On October 14, 2020, the Appalachian Regional Commission (ARC) announced that $43.3 million would go to 51 projects to support economic diversification, in an effort to revitalize communities whose economies have been undermined by excessive dependence on coal mining, which is now in rapid decline as renewable energy sources are now cheaper, cleaner, and better for the national economy.
More than half of these investments will support recovery-to-work efforts or strengthen the Region’s broadband infrastructure. As documented in the new book, RECONOMICS: The Path To Resilient Prosperity, reconnection is the vital third step in the 3Re Strategy for revitalization.
“Communities impacted by the downturn of coal have been doubly impacted by the effects of COVID-19-related measures on their local economies. It is more important than ever to support resilient Appalachian communities in their economic recovery, and this round of POWER grantees are developing innovative and transformative approaches to benefit the Region,” said ARC Federal Co-Chairman Tim Thomas.
The Appalachian Regional Commission is an economic development agency of the federal government and 13 state governments focusing on 420 counties across the Appalachian Region. ARC’s mission is to innovate, partner, and invest to build community capacity and strengthen economic growth in Appalachia to help the Region achieve socioeconomic parity with the nation.
“Many of the projects announced today will invest in expanded broadband infrastructure, proven throughout this year to be a critical factor in economic parity. All of them will support tools and training to get the Appalachian economy back to work,” Thomas added.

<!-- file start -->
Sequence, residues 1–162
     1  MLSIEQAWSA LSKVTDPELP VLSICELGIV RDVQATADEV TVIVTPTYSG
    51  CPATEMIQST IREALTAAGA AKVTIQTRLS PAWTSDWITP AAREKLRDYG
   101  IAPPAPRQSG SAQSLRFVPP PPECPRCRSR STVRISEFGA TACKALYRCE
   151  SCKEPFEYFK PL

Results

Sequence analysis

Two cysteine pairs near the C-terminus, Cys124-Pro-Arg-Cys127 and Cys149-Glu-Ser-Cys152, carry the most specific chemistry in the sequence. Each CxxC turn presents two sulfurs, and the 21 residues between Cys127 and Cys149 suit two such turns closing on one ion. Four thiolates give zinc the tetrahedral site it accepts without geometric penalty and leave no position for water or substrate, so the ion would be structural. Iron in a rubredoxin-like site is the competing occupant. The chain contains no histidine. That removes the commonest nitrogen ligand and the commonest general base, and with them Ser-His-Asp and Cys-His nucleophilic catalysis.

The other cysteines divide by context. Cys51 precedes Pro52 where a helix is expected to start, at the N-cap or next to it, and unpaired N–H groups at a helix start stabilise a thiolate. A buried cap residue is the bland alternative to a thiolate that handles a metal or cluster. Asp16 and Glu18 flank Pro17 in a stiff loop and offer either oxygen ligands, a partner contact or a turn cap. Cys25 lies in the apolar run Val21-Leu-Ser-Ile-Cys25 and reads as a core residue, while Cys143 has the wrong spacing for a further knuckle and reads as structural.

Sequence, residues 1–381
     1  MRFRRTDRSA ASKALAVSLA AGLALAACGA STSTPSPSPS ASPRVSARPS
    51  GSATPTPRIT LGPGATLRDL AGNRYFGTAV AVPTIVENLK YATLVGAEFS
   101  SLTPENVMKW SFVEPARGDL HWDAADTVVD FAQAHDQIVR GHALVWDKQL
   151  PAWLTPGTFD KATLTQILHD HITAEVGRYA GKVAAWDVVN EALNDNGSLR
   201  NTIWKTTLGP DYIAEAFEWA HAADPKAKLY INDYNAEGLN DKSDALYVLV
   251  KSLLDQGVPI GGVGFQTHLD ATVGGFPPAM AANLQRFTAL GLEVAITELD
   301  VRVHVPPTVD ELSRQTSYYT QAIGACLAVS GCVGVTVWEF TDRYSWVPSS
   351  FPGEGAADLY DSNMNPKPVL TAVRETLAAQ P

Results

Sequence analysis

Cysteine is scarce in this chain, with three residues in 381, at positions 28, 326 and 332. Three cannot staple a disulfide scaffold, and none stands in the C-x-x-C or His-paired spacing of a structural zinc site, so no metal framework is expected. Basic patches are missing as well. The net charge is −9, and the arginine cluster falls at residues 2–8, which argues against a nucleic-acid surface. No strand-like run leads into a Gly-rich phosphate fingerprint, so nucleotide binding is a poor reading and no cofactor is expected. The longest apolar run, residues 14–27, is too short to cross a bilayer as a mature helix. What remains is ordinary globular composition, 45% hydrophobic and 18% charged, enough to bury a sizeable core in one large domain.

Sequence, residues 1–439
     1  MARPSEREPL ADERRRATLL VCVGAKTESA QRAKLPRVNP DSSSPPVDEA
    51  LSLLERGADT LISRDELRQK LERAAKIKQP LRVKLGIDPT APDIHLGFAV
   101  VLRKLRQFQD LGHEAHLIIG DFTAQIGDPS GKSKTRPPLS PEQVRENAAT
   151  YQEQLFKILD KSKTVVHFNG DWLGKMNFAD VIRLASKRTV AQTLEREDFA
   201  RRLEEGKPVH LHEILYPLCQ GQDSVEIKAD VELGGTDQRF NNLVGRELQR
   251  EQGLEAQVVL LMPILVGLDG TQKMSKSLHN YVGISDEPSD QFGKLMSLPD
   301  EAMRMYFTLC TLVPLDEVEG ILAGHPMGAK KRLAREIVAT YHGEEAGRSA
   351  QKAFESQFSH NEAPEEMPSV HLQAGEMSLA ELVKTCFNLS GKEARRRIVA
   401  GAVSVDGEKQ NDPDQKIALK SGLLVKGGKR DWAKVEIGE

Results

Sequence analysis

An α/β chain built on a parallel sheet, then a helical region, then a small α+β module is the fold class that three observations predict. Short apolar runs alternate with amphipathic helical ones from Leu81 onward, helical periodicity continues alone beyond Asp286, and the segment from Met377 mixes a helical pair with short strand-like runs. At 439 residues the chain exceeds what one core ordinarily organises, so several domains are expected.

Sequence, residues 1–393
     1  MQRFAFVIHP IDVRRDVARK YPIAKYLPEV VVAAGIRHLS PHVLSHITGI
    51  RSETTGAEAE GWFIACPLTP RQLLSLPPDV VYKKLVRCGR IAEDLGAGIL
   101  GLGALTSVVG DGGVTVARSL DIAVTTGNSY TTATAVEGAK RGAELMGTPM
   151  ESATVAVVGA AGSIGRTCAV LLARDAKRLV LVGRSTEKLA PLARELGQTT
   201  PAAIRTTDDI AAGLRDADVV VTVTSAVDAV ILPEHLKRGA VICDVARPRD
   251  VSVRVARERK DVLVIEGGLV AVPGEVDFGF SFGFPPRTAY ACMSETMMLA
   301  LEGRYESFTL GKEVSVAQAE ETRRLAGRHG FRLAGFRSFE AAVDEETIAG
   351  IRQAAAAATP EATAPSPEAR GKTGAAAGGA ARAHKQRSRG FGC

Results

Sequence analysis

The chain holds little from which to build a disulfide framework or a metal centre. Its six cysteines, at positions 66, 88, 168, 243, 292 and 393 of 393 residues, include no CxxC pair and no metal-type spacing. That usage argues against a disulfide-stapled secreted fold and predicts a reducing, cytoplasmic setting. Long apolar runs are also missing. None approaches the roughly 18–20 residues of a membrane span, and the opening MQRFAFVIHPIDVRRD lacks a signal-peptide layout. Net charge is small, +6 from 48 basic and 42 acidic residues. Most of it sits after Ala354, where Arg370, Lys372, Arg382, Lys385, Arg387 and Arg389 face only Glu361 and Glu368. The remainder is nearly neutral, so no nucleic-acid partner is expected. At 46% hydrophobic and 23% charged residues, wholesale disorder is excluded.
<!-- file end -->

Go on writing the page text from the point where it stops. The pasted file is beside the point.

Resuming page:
Funding for these awards was made via the POWER (Partnerships for Opportunity and Workforce and Economic Revitalization) Initiative, a congressionally funded initiative that targets federal resources to help communities and regions that have been affected by job losses in coal mining, coal power plant operations, and coal-related supply chain industries due to the changing economics of America’s energy production.
With this new funding, ARC has invested over $238 million in 293 projects, touching 353 counties across Appalachia since 2015. The highest concentration of ARC’s POWER investments is in eastern Kentucky, southern West Virginia, and southwestern Pennsylvania.
ARC is working with Chamberlin/Dunn LLC, a third-party research firm, to monitor, analyze, and evaluate these investments.
An initial report, published in October 2019, drew on candid interviews with POWER projects funded between fiscal years 2015-2018. A main finding was that “grantees described long-term vision for economic transformation that is driven, in part, by social change—the building of hope and the shifting of mindsets in areas that have endured severe economic distress. With a recognition that it may take many years to realize true economic transformation, grantees stated that they have started to see shorter-term outcomes and impacts that they believe will result in longer-term impacts over time.”
Chamberlin/Dunn is continuing to monitor POWER investments and make recommendations to ARC for ongoing programmatic efficiencies. A second phase of the evaluation will expand the review to include POWER investments made through fiscal year 2019.